To reverse the situation, it is suggested that promotive and preventive health campaigns on the harmful effects of using crude oil as TM should be implemented in churches, and also available in market squares, primary health centres and other community venues. The Nigerian Government must enforce immediate and rapid clean-up operations during oil spillages so as to protect the environment and reduce the availability of crude oil for inappropriate use by local people. A more comprehensive community based study is recommended.

Acknowledgment

The authors acknowledge the excellent cooperation of the staff of the Bethesda Clinic, Ngo Andoni, Rivers State, Nigeria.

References

1. WHO. Traditional medicine strategy 2002-2005. Geneva, WHO, 2002.

2. Fasola TR. The impact of traditional medicine on the people and environment of Nigeria. In: MFA Ivbijaro, F Akintola, RU Okechukwu (Eds). Sustainable Environmental Management in Nigeria. Ibadan: Mattivi , 2006; 251-267.

3. Peltzer K. Utilization and Practice of Traditional/Complementary/Alternative Medicine (TM/CAM) in South Africa. African Journal of Traditional, Complementary and Alternative Medicine 2009; 6(2): 175-185.

4. Adesina SK. Traditional medical care in Nigeria. (Online) no date. Available: http://www.onlinenigeria.com/links/LinksReadPrint.asp?blurb=574 (Accessed 28 September 2011).

5. Momodu MO. Information needs and information seeking behaviour of rural dwellers in Nigeria: a case study of Ekpoma in Esan West local government area of Edo State, Nigeria. Library Review 2002; 51(8): 406-410.

6. Olusegun T. Maternal Mortality, a Rural Community's Example. (Online) 2009. Available: http://ipsnews.net/news.asp?idnews=48305 (Accessed 28 September 2011).

7. Mafimisebi TE, Oguntade AE. Preparation and use of plant medicines for farmers' health in Southwest Nigeria: socio-cultural, magico-religious and economic aspects. Journal of Ethnobiology and Ethnomedicine 2010; 6:1. DOI:10.1186/1746-4269-6-1.

8. Orisakwe OE, Akumka DD, Afonne OJ, Gamanniel KS. Investigation into the pharmacological basis for some of the folkloric uses of Bonny light crude oil in Nigeria. Indian Journal of Pharmacology 2000; 32: 231-234.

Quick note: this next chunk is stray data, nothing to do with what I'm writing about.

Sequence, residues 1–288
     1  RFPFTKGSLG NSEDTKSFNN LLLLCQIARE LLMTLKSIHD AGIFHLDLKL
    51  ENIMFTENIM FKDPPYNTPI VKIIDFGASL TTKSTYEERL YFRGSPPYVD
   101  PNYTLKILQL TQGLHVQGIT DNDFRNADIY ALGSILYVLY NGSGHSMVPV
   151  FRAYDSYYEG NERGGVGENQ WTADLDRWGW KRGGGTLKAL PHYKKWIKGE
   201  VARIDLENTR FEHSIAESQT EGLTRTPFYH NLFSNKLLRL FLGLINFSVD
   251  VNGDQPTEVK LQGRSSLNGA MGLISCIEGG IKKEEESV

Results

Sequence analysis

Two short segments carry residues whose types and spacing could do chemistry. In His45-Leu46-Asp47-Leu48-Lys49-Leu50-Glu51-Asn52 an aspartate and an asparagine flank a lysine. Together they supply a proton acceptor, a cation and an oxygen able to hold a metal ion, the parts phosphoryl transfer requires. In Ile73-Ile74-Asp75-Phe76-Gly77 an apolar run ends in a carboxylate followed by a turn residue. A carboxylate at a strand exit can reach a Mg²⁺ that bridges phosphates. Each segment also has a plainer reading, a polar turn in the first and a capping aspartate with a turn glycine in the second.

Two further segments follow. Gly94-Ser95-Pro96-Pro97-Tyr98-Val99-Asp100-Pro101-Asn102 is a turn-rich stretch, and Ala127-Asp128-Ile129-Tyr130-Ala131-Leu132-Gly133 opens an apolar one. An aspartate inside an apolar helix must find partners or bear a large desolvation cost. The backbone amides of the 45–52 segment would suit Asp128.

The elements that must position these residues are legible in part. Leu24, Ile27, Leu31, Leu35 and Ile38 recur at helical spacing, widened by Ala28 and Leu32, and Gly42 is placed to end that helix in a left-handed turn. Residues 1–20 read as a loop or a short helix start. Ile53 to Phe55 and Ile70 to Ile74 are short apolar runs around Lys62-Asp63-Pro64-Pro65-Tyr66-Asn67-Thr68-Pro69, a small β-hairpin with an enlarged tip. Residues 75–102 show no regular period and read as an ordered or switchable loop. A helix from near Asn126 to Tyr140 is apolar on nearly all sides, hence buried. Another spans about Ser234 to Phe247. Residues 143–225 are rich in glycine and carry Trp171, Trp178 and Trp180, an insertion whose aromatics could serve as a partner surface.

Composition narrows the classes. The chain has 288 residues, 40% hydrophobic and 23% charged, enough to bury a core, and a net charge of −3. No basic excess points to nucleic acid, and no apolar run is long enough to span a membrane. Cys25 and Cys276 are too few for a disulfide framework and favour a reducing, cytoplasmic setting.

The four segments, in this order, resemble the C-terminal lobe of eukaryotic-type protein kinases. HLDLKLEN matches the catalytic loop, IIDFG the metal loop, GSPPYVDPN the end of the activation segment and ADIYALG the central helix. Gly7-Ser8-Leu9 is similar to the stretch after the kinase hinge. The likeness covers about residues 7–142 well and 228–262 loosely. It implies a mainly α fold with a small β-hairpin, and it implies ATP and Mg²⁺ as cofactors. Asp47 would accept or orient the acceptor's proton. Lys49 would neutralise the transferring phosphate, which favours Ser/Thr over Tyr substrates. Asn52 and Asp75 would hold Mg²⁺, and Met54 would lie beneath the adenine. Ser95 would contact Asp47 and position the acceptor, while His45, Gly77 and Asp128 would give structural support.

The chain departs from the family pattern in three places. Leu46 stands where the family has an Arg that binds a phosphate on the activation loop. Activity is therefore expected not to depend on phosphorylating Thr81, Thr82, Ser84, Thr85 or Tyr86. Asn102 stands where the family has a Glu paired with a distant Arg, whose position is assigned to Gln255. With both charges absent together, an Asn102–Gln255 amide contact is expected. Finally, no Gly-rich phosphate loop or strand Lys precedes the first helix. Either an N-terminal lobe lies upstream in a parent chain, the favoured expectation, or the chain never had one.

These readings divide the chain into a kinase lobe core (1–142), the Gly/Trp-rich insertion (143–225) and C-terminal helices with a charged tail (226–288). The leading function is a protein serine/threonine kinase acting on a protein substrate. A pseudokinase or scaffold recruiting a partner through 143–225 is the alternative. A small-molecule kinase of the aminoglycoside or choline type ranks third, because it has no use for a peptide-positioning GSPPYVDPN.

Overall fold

9. Otaigbe B.E. and Adesina A.F. Crude Oil Poisoning in a 2 Year Old Nigerian - A Case Report. Anil Aggrawal's Internet Journal of Forensic Medicine and Toxicology. (Online) 2005; 6(2): Available: http://www.anilaggrawal.com/ij/vol_006_no_002/papers/paper004.html (12 April 2012).

10. Hunter GA. Chemical burns of the skin after contact with petrol. British Journal of Plastic Surgery 1968; 21: 373-341.

11. Anochie I, Graham-Douglas IB. Non-accidental Injuries Associated with Convulsions in Port Harcourt, Nigeria. Anil Aggrawal Internet Journal of Forensic Medicine and Toxicology 2000; 1(2): Available: http://www.anilaggrawal.com/ij/vol_001_no_002/paper009.html (12 April 2012).

12. Crisp AJ, Bhalla A K, Hoffbrand BI. Acute tubular necrosis after exposure to diesel oil. BMJ 1979; 2(6183): 177.

13. Udonwa NE, Ekpo M, Ekanem IA, Inem AV, Etokidem A. Oil boom and AIDS doom in the Niger Delta of Nigeria. Rural and Remote Health 4: 273. (Online) 2004. Available: www.rrh.org.au (Accessed 21 October 2011).

14. Araoye MO. Research methodology with statistics for health and social sciences. Ilorin: Nathandex, 2003.

15. Nxumalo N, Alaba O, Harris B, Chersich M, Goudge J. Utilization of traditional healers in South Africa and costs to patients: Findings from a national household survey. Journal of Public Health Policy 2011; 32: S124-S136.

16. Adibe MO. Prevalence of concurrent use of herbal and synthetic medicines among outpatients in a mission hospital in Nigeria. International Journal of Drug Development and Research 2009; 1: 60-66.

17. Tamuno I, Omole-Ohonsi A, Fadare J. Use of Herbal Medicine among Pregnant Women attending a Tertiary Hospital in Northern Nigeria. The Internet Journal of Gynecology and Obstetrics 2011; 15(2): Available: http://www.ispub.com/journal/the-internet-journal-of-gynecology-and-obstetrics/volume-15-number-2/use-of-herbal-medicine-among-pregnant-women-attending-a-tertiary-hospital-in-northern-nigeria.html (12 April 2012).

18. Palinkas L A, Kabongo M L. The use of Complementary and Alternative Medicine by Primary Care Patients. Journal of Family Practice 2000; 49: 1121-1130.

19. Foster DA, Denning A, Wills G, Bolger M, McCarthy E. Herbal medicine use during pregnancy in a group of Australian women. BMC Pregnancy Childbirth 2006; 6: 21.

20. Astin JA. Why patients use alternative medicine: results of a national study. JAMA 1998; 279: 1548-1553.

21. Sreeramareddy CT, Shankar RP, Sreekumaran BV, Subba SH, Joshi HS, Ramachandran U. Care seeking behaviour for childhood illness- a questionnaire survey in western Nepal. BMC International Health and Human Rights 2006; 6(7): doi:10.1186/1472-698X-6-7.

22. Galabuzi C, Agea JG, Fungo BL, Kamoga RMN. Traditional Medicine as an Alternative Form of Health Care System: a Preliminary Case Study of Nangabo Sub-County, Central Uganda. African Journal of Traditional Complementary and Alternative Medicines 2010; 7(1): 11-16.

23. Galooba-Mutebi F, Tollman S. Shopping for health: affliction and response in a South African village. African Sociological Review 2007; 11(2): 64-79.

This PDF has been produced for your convenience. Always refer to the live site https://www.rrh.org.au/journal/article/1858 for the Version of Record.